Which children younger than age 9 years will need 2 doses of influenza vaccine in this influenza season?
Children age 6 months through 8 years should receive a second dose 4 weeks or more after the first dose 1) if they are receiving influenza vaccine for the first time, 2) if they did not receive a total of at least two doses of trivalent or quadrivalent influenza vaccine before July 1, 2017, or 3) if their vaccination history is unknown. The two doses need not have been received during the same season or consecutive seasons. IAC's handout titled "Guide for Determining the Number of Doses of Influenza Vaccine to Give to Children Ages 6 Months Through 8 Years" provides guidance on this issue; it is available at www.immunize.org/catg.d/p3093.pdf.
When determining whether a child age 2 through 8 years needs one or two doses of influenza vaccine this season, can we count doses of LAIV administered in past years?
We were not sure because LAIV is not recommended this year. CDC advises that doses of LAIV administered in past seasons can be counted.
Can a child who needs 2 doses of influenza receive 1 dose of quadrivalent vaccine and 1 dose of trivalent vaccine?
Yes. You can give these two vaccines, as long as the 2 doses are appropriately spaced.
Can a child 6 through 35 months of age who needs 2 doses of influenza vaccine this season receive one each of Fluzone and FluLaval vaccine?
Yes. Both Fluzone (0.25 mL dose) and FluLaval (0.5 mL dose) are approved by the FDA for use in children 6 through 35 months of age.
If a child receives Fluzone vaccine (0.25 mL) at age 34 or 35 months for the first time and then returns for the second dose at age 37 months, should we give another 0.25 mL dose of Fluzone or should we give the 0.5 mL dose that is indicated for ages 3 and older?
The child should always receive the dose appropriate for his or her age at the time of the clinic visit; at age 37 months that would be 0.5 mL.
Can a clinic vaccinate children younger than age 3 years with influenza vaccine taken from a multidose vial of Fluzone or FluLaval? The multi-dose vials contain thimerosal as a preservative.
Yes. Multidose vials of Fluzone and FluLaval contain a small amount of thimerosal to prevent bacterial and fungal growth in the vial. Thimerosal-containing vaccines are safe to use in children. No scientific evidence indicates that thimerosal in vaccines cause adverse events unless the patient has a severe allergy to thimerosal. However, a few states have enacted legislation that restricts the use of thimerosal-containing vaccines in children. To find out if your state has such restrictions, check with your state immunization program (see www.immunize.org/coordinators for phone numbers).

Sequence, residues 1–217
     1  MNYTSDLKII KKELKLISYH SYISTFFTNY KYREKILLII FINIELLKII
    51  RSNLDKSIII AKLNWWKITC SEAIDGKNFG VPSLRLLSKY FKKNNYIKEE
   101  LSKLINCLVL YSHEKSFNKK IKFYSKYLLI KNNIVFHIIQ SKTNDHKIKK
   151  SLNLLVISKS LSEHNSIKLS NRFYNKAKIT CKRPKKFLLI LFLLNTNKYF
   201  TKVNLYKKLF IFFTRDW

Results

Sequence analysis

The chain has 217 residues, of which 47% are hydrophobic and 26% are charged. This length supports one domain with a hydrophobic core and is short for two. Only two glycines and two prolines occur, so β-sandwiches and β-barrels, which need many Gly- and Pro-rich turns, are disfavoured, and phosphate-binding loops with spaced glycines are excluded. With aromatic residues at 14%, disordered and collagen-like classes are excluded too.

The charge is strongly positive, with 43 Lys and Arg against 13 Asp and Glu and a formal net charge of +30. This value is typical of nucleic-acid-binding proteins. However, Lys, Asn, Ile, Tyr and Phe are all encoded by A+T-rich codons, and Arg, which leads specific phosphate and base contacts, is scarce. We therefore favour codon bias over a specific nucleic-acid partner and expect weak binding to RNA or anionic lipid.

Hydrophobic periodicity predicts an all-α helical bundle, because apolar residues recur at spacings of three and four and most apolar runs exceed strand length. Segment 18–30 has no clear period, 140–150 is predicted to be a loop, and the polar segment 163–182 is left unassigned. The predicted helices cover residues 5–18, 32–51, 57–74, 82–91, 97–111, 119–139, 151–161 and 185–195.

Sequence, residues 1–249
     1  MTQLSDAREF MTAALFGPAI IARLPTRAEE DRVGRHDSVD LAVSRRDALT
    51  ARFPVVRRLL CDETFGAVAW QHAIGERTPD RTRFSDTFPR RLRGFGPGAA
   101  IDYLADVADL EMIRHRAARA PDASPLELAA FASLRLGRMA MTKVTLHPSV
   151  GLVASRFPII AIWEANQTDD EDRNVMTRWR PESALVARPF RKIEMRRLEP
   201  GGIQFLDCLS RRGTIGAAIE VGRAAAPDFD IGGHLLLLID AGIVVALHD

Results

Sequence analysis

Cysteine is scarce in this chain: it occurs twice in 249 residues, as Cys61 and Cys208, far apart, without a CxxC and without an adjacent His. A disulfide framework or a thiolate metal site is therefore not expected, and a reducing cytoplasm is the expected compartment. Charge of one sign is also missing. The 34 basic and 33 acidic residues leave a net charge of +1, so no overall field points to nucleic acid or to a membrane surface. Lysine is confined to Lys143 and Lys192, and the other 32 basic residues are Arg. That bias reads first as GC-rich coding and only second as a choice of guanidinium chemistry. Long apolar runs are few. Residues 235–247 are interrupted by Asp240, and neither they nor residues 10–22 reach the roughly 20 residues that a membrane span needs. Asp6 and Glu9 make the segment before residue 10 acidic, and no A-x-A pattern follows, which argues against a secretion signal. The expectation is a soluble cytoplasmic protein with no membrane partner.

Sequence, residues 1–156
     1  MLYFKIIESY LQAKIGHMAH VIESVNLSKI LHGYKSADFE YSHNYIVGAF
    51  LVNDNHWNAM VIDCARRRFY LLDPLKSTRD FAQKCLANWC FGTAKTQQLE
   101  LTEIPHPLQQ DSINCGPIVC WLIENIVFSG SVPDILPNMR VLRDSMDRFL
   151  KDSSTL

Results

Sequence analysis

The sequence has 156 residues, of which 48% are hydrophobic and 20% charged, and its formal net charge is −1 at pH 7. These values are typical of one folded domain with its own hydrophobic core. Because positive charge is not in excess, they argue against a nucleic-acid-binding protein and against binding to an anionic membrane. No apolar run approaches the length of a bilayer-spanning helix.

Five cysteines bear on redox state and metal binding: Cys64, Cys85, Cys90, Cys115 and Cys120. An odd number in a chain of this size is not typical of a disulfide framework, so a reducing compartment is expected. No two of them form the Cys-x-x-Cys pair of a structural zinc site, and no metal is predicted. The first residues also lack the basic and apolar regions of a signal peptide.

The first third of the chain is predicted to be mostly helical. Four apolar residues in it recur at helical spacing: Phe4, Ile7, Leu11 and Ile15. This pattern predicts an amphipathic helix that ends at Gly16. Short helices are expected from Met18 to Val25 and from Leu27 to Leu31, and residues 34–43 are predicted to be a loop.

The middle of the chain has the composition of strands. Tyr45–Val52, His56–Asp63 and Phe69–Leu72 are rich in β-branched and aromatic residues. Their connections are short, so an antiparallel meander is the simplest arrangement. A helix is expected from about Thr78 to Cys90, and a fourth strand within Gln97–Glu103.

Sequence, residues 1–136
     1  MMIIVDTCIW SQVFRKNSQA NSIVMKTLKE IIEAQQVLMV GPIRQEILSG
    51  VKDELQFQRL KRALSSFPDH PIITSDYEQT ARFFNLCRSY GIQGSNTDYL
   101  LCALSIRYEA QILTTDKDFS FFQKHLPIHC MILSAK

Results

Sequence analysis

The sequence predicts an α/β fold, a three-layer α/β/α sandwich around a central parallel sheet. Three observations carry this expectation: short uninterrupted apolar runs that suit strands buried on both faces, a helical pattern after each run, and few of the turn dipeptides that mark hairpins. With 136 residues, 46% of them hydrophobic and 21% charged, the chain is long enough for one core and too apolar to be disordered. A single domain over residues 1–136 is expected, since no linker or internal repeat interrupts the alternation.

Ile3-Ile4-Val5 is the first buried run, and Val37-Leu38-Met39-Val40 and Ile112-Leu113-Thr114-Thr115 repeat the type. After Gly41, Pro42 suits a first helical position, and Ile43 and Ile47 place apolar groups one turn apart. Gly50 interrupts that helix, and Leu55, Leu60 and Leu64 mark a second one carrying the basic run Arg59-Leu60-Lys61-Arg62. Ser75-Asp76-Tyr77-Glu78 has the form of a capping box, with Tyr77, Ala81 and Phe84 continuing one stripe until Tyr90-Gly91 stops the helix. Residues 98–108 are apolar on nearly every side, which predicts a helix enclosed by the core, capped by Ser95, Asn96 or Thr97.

There is a debate within my clinical department about not allowing influenza vaccine to be given with DTaP and PCV13. Are there data that state these should not be given concomitantly?
A CDC study has shown a small increased risk for febrile seizures during the 24 hours after a child receives the inactivated influenza vaccine at the same time as the PCV13 vaccine or DTaP vaccine. However, the risk of febrile seizure with any combination of these vaccines is small and ACIP recommends giving these vaccines at the same visit if indicated. See www.cdc.gov/vaccinesafety/concerns/febrile-seizures.html for more information.
For Special Groups Back to top
Is influenza vaccine recommended for pregnant women?
Yes. It is especially important to vaccinate pregnant women because of their increased risk for influenza-related complications. An increased risk of severe influenza infection was also observed in postpartum women (those who delivered within the previous 2 weeks) during the 2009–10 H1N1 pandemic. Vaccination can occur in any trimester, including the first. Only inactivated vaccine should be given to pregnant women.
Why do we vaccinate pregnant women against influenza when it is not recommended to vaccinate infants younger than age 6 months?
ACIP has recommended vaccinating pregnant women with inactivated influenza vaccine since 1997. Pregnant women are at increased risk for complications, hospitalization, and even death from influenza because of the increased physiologic strain of pregnancy on their heart, lungs, and immune system. Vaccination can occur in any trimester, including the first.
Influenza vaccine is not recommended for children younger than age 6 months because it is not approved for this age group. In addition, there are data that indicate that vaccinated pregnant women pass maternal antibodies to the fetus in the last few weeks of pregnancy; this helps protect the young infant against influenza. Vaccinating pregnant women protects women, their unborn babies, and their babies after birth.
Does ACIP recommend one influenza product over another for pregnant women?